The following is an Op-Ed from State Rep. DebraLee Hovey (R-112th):
In the time since the horrific tragedy at Sandy Hook on December 14th there are many who have rushed to judgment about all kinds of topics; guns, mental health, psychotropic medications, school safety, parenting and a myriad of other issues.
As an elected official I have maintained it is not only irresponsible to do such but it is my duty to be thoughtful, deliberate and to gather all the relevant information before making the most educated decisions possible; decisions that impact our entire state.
I recognize the emotion of this situation as I have personally been deeply affected and changed by this tragedy. However, at a minimum I believed we should have waited until the Task Forces made their recommendations before publicly taking a stand on our positions. My intention was to respect the bipartisan process established by the legislature and reserve comment so as not to prejudice the process.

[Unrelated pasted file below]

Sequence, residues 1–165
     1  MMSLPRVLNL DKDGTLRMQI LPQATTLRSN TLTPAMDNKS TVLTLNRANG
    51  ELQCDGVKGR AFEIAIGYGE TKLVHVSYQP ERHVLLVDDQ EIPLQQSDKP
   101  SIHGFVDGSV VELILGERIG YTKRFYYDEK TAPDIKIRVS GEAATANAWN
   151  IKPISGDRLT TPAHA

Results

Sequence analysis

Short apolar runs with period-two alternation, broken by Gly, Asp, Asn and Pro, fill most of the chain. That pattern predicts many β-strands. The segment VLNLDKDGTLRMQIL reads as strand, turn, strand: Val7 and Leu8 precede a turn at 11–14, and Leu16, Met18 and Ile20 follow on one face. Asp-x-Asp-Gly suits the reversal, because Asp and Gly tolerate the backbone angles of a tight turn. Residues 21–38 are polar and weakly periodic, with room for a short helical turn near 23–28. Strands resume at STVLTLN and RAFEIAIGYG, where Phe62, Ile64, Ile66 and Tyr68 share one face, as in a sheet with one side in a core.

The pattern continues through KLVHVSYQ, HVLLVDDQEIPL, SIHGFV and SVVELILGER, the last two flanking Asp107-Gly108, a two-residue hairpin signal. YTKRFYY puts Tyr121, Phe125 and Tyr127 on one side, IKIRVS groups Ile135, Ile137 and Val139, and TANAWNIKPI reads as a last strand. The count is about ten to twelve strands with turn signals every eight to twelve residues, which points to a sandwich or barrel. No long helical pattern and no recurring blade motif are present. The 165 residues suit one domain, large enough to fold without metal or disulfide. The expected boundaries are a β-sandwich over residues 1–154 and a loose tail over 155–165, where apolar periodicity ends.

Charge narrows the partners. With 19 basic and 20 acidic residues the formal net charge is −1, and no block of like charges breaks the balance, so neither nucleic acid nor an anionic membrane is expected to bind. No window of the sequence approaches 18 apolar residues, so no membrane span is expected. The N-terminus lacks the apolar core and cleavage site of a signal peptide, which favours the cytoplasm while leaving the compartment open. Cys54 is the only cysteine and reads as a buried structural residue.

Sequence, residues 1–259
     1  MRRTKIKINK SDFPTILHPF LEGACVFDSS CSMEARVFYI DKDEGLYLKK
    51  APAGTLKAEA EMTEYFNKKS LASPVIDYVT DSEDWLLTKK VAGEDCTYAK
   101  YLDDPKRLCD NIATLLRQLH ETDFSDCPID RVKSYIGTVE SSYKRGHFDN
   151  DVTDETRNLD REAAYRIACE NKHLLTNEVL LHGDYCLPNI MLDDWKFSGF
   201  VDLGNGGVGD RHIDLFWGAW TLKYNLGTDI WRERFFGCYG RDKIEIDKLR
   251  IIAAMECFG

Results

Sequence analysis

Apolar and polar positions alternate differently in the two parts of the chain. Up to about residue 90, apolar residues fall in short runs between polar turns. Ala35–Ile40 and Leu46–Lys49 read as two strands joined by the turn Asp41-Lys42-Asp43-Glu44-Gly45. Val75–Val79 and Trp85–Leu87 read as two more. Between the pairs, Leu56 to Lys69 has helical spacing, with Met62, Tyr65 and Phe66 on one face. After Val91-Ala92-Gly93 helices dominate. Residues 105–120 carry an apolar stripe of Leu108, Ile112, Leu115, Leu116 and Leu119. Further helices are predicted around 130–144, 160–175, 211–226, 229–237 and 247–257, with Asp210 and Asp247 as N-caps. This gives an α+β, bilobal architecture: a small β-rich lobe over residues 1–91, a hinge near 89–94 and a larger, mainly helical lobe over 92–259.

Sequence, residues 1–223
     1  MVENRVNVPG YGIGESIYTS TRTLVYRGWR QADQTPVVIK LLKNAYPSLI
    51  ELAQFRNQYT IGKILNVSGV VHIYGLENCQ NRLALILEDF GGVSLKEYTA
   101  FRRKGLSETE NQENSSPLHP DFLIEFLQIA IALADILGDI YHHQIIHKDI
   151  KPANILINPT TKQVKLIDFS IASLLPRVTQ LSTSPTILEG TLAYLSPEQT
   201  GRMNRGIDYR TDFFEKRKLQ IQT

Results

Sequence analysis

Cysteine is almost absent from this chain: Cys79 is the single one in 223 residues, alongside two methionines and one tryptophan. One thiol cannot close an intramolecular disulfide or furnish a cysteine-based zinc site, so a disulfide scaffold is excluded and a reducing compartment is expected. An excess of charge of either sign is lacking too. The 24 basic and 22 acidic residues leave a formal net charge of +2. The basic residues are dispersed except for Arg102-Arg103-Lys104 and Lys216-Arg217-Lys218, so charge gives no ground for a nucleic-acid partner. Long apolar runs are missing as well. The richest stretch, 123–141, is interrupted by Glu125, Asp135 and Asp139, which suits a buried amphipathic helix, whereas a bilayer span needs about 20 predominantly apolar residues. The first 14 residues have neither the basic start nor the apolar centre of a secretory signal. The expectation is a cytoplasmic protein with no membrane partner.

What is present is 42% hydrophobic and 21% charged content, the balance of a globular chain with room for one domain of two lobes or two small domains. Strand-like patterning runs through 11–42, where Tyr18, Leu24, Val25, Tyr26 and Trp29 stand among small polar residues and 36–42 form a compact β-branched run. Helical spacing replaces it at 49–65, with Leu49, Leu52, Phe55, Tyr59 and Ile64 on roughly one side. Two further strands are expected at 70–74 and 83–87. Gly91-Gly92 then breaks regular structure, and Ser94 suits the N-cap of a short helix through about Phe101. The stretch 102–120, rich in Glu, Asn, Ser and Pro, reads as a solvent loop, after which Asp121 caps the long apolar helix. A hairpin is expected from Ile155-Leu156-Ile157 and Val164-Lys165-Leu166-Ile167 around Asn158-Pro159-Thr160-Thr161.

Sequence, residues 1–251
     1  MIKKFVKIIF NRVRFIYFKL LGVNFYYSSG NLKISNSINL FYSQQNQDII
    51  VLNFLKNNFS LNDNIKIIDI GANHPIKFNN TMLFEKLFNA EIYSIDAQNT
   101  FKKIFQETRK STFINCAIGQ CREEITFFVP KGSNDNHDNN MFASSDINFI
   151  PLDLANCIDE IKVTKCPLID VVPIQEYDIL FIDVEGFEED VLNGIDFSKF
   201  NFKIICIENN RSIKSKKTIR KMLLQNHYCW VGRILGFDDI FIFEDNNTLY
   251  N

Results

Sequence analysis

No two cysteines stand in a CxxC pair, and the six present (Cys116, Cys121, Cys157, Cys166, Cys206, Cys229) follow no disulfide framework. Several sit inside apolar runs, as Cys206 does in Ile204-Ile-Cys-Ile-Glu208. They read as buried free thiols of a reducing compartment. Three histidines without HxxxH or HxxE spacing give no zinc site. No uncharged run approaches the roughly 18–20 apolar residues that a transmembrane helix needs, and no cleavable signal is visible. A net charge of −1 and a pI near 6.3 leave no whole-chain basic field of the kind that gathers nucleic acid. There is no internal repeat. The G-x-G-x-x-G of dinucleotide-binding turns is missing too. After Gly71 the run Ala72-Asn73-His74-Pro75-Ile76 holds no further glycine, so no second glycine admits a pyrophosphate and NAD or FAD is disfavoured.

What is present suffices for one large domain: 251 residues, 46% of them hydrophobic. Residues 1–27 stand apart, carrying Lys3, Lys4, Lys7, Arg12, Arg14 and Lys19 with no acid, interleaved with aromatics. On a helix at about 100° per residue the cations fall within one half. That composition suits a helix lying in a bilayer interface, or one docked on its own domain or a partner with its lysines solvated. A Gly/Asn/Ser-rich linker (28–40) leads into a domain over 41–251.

This week the Bipartisan Task Force on Gun Violence Prevention and Children's Safety officially released their findings. While caucus leaders meet to discuss the finer points of which specific proposals will be included in the final emergency certified bill I feel it’s now appropriate to let you, my constituents, neighbors and friends know that I will support the specific recommendations (I have attached them to the end of this letter) made by the bipartisan task force as presented during the public hearing process.
It is my sincere hope that this makes my positions clear and that my constituents will have confidence knowing an incredible amount of thought and discussion will continue to go into my votes as we progress through this very difficult time and legislative session.